See the new layout! There’s a nonfiction section now, expecting that at any time I’ll have a number of books I’m dipping into but will not read from beginning to end in one go like fiction. I won’t tag ongoing nonfiction books, though I will tag currently-reading books (and untag them when they spill over the weekend). It’s becoming second nature to make a new post every Sunday morning while the prosphora bake, and pin it to my mastodon and twitter profiles.
February 8: The Blue Sword by Robin McKinley. Reread, sort of randomly selected from what was on the ereader. Now thinking I should probably have started The Hero and the Crown first (gah prequels published later) but I’m into this now and it turns out very different than I remember. Better, in fact! It miraculously escaped all the “colonial fantasy” and “white savior” tropes.
February 6: A wonderful essay about (drinking) glasses by J.W.F. Werumeus Buning, read aloud by Spouse when we had a friend over. Antidote to our shared anger (at two separate people, incidentally with the same first name, which was confusing; about different things though).
February 5: The Redundant Man Who Was Redundant by Alexandra Erin. DNF because I saw where it was going. Fun buildup but I could have done without the horror element.
February 4: Crucible, All-New Tales of Valdemar, edited by Mercedes Lackey. Official author-approved fanfic, basically. Very mixed bag. I read some of the stories before, either because they’re in a different collection or because I was only reading stories that immediately interested me the first time around (that would explain why I skipped some stories about non-human inhabitants of Valdemar, but not why I skipped the story about the bard).
Pünktchen und Anton by Erich Kästner. Not as much fun as the other two because of sexism, probably “product of its time” but no less annoying for that. Kästner also doesn’t seem to like adult women who aren’t devoted mothers, servants or teachers. And disapproves of peeking at the ending of a book because he thinks it spoils the fun. (I agree with his mother: it’s much better to read a book, especially of suspense, if you don’t need to worry about the ending.) Almost put it aside because the small annoyances were piling up, not the least all the moralising near the end. Definitely hasn’t aged well.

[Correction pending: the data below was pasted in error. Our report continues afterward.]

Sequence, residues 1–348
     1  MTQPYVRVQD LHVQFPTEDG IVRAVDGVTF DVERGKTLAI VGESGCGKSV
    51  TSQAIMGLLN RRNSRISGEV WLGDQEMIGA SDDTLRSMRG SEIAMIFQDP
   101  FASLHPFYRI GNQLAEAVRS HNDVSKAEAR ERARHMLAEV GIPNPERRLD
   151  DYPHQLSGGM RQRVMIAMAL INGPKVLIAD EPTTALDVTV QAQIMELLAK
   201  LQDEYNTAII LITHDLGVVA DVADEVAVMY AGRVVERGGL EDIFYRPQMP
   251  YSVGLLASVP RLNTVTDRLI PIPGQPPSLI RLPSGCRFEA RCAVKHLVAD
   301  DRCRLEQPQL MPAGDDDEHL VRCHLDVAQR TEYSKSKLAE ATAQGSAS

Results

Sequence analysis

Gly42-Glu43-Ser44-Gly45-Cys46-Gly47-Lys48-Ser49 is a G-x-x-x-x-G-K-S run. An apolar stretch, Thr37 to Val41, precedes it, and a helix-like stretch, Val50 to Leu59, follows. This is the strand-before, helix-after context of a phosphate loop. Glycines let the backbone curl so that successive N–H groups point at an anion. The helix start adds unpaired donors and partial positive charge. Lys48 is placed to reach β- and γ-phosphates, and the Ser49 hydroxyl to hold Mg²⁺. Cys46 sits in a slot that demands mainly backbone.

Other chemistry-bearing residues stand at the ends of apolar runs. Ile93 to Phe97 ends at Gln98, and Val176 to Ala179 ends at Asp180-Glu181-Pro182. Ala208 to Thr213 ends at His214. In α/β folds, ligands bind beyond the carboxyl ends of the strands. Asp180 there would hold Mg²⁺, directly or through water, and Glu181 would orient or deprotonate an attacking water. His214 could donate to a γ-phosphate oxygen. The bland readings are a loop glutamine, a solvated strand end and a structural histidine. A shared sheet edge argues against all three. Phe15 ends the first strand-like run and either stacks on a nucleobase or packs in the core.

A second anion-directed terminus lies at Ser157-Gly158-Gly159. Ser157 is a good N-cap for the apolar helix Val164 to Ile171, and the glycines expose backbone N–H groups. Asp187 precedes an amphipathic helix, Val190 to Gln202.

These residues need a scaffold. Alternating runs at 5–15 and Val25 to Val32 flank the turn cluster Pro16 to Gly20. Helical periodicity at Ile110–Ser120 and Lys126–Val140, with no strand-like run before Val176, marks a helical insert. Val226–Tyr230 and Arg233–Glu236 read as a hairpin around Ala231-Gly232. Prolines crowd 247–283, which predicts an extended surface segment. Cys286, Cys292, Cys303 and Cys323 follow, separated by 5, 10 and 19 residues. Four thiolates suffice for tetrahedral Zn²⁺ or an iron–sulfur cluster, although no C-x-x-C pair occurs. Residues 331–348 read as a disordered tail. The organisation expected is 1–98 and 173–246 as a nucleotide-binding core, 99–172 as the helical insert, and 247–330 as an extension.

The Castle of Llyr by Lloyd Alexander, fixing conversion errors as I go. Slightly fewer errors than The Black Cauldron, which was really excruciatingly bad (but I had an easy workflow after a while). I’m a bit fed up with the style, but not with the story, and I intend to finish the series this way.
February 3: The Black Cauldron by Lloyd Alexander. Fixing the text alerts me to a ‘trick’ the author uses in long stretches of dialogue: not only typographical (ending a paragraph without quotes and beginning the next paragraph with quotes, which irks me more and more) but also stylistic, having a character resume and mentioning their name or name-substitute again. (“This,” the annoyed blogger continued, “is what I mean.”) I wouldn’t mind if he did it occasionally but he does it ALL THE TIME.
Little Things, written by someone who liked Carpetbaggers and wanted more Narnia stories too. The author tags it “dystopia” — their idea of dystopia must be very far from mine! It’s hopeful and touching.
The Last Defense of Cair Paravel, Carpetbaggers #3. A tragedy (as you might suspect by the title) but ending on a hopeful note.
Carpetbaggers (Narnia fanfic): what happened after the end of The Lion, the Witch and the Wardrobe. I thought I’d read it already but apparently not [ETA: that was the Deerfield story], I would have remembered all the grit! (Not nasty grit, though some of it is painful.) Excellent characterization of the Pevensies, perhaps better than Lewis himself, and some very good new characters. When I was finding the link I noticed that there are two more in the series and downloaded those too.